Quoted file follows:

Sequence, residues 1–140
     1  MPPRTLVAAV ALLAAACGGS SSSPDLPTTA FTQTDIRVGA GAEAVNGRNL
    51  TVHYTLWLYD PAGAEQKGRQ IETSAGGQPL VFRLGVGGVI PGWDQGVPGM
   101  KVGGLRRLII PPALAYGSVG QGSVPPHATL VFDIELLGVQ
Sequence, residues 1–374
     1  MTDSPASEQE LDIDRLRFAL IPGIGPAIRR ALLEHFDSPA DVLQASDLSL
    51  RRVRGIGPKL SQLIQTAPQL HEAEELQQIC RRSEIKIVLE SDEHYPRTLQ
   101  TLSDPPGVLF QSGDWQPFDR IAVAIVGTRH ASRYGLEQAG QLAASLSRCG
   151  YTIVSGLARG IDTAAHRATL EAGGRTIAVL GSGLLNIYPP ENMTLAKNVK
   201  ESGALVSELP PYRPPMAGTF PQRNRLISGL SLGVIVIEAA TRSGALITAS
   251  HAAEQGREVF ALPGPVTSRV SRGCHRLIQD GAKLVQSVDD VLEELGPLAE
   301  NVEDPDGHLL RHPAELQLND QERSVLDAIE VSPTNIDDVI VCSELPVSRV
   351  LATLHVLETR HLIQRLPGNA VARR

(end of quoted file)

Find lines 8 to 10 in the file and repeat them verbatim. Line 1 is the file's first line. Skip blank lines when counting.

   101  TLSDPPGVLF QSGDWQPFDR IAVAIVGTRH ASRYGLEQAG QLAASLSRCG
   151  YTIVSGLARG IDTAAHRATL EAGGRTIAVL GSGLLNIYPP ENMTLAKNVK
   201  ESGALVSELP PYRPPMAGTF PQRNRLISGL SLGVIVIEAA TRSGALITAS